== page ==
“Ultimately, it’s clear that John Boehner’s greatest sin wasn’t that he was too moderate, but that he tried to be a grown-up in a party that demands petulance and temper tantrums as its agenda for governing. Boehner tried to lead the party of Reagan. He got fired by the party of Trump.”
End Times broadcaster Rick Wiles invited Cliff Kincaid of Accuracy In Media onto his “Trunews” program yesterday to discuss Ben Carson's remark that he would never support a Muslim candidate for president. Wiles and Kincaid said that the Republican presidential candidate didn't go far enough, wondering why Carson didn't assert that we already have a Muslim president in the White House.
A larger conspiracy, Wiles said, must be at work, which led him to imply that the same people who are covering up the truth about President Obama's Muslim faith are the very same ones who helped Obama steal the 2012 election. Wiles knows that Obama only defeated Mitt Romney by nefarious means because he, Wiles, doesn't personally know anyone who supported the president’s reelection.
"Barack Obama was speaking to empty coliseums, empty auditoriums," Wiles said. "Mitt Romney was attracting these huge, enthusiastic crowds. It was obvious there was momentum for the Romney campaign. So on election night with suddenly Obama to win re-election it was very weird, it was strange, it was like, where are these Obama supporters? I never met anybody that was enthusiastic about re-electing Obama and suddenly he wins re-election."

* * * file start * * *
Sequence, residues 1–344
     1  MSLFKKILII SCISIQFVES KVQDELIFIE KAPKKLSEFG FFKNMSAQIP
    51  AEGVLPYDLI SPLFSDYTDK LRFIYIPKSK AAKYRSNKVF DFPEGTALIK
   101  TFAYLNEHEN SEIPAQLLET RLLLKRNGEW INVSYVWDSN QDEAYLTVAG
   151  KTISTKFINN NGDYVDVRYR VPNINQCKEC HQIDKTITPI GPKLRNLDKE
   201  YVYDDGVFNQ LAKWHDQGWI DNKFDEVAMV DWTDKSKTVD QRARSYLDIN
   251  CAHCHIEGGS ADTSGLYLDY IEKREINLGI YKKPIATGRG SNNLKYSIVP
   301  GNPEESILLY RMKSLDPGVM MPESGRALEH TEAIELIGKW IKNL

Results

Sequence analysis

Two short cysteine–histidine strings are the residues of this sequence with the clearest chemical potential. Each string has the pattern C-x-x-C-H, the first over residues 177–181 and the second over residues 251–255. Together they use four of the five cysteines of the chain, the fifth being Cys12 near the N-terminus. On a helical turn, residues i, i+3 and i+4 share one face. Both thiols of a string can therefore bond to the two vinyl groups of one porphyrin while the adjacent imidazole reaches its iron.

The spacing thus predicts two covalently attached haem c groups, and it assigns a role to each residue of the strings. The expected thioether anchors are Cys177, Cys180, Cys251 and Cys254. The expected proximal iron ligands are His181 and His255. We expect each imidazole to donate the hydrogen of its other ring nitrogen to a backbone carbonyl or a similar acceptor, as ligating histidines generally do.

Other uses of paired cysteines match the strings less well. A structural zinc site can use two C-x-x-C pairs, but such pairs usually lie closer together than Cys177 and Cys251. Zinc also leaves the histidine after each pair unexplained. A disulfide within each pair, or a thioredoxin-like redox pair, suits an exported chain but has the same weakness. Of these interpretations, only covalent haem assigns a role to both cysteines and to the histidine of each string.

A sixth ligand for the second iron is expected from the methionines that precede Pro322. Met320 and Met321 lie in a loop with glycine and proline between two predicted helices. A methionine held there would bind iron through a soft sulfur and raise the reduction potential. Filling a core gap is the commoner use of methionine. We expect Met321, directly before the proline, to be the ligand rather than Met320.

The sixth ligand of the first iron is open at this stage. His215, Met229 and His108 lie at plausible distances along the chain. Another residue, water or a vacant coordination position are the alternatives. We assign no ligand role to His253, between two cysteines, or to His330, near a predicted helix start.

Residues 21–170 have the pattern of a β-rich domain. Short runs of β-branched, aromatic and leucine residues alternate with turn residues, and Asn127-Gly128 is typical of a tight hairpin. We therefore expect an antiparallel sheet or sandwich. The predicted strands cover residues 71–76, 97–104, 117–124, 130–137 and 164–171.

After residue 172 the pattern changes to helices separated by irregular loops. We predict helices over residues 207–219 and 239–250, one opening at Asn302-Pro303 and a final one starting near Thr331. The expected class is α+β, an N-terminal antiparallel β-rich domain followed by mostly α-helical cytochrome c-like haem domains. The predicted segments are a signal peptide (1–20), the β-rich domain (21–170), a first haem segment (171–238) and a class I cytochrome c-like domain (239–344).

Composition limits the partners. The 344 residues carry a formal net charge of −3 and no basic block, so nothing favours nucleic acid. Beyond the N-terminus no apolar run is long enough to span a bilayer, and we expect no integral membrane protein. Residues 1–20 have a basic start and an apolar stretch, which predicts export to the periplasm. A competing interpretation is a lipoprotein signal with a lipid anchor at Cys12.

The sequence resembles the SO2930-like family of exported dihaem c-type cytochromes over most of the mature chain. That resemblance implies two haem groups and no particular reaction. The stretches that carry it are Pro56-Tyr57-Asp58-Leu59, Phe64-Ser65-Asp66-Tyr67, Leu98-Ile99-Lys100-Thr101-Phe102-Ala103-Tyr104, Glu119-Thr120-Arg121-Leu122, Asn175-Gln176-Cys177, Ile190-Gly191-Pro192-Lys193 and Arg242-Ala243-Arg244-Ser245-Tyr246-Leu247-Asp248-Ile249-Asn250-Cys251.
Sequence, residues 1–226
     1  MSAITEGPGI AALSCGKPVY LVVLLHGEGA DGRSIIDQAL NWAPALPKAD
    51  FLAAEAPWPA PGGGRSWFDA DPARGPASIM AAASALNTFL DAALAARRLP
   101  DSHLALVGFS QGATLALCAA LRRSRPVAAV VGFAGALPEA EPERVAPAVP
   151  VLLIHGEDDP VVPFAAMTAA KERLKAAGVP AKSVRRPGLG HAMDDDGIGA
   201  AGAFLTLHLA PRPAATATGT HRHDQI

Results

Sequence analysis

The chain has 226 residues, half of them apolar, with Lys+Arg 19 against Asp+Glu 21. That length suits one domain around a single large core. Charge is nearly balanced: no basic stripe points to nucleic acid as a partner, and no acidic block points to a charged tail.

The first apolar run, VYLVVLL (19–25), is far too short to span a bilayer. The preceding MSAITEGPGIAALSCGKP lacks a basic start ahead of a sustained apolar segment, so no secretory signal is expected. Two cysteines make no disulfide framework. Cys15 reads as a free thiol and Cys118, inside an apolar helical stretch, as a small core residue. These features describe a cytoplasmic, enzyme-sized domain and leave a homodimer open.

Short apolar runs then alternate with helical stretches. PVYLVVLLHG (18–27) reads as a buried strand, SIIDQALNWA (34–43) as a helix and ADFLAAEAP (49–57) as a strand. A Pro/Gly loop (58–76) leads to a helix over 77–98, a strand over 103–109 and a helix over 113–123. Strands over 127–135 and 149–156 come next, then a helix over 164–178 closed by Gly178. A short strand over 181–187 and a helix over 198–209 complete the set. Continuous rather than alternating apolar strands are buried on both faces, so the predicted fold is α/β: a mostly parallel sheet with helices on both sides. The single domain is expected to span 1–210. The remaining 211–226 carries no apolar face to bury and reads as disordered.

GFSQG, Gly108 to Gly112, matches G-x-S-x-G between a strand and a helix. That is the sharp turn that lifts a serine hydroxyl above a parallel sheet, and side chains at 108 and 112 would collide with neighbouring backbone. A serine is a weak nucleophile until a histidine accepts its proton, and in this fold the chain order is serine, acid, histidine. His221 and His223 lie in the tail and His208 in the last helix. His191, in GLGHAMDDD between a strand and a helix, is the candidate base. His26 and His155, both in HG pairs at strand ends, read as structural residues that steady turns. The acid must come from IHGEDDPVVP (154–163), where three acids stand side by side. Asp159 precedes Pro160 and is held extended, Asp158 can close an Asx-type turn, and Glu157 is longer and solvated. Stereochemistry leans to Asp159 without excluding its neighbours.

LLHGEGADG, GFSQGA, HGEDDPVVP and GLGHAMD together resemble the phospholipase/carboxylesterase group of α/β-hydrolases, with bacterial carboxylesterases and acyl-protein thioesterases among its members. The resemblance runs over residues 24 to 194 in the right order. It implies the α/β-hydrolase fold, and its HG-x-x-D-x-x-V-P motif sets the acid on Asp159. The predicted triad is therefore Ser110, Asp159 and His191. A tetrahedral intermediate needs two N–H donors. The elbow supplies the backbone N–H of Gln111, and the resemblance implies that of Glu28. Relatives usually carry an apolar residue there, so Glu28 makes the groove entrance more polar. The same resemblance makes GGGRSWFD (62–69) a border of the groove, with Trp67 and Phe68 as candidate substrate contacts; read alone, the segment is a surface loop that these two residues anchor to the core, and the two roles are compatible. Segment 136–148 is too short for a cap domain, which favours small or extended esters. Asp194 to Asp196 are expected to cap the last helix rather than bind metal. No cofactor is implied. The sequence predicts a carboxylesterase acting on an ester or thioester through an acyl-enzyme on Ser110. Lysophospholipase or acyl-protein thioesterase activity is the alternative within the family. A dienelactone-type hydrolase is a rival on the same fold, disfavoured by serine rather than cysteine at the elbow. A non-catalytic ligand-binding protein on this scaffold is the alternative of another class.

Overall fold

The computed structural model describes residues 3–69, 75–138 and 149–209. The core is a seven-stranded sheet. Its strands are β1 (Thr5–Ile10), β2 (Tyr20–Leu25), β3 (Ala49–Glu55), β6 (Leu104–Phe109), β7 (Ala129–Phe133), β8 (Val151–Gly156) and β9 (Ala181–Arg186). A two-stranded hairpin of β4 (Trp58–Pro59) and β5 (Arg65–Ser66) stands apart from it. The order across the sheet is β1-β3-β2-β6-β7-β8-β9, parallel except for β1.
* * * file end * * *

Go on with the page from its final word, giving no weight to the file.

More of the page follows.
Wiles said his gut feeling told him that Obama's re-election wasn't legitimate: "There was just that feeling on Election Night, something really strange and weird and evil and corrupt just happened tonight."
Rafael Cruz believes that his son, Texas senator and presidential candidate Ted Cruz, is on a divinely inspired mission to overturn the city of Houston's nondiscrimination ordinance. The elder Cruz, who also serves as a campaign surrogate for his son’s campaign, is not just upset that Houston approved an ordinance protecting LGBT people from discrimination, but is also furious that the city even elected an openly gay mayor.
In a speech earlier this month on behalf of the group working to repeal Houston’s ordinance, Cruz lit into the Supreme Court for striking down state bans on same-sex marriage, claiming that the court "had no jurisdiction to rule over marriage."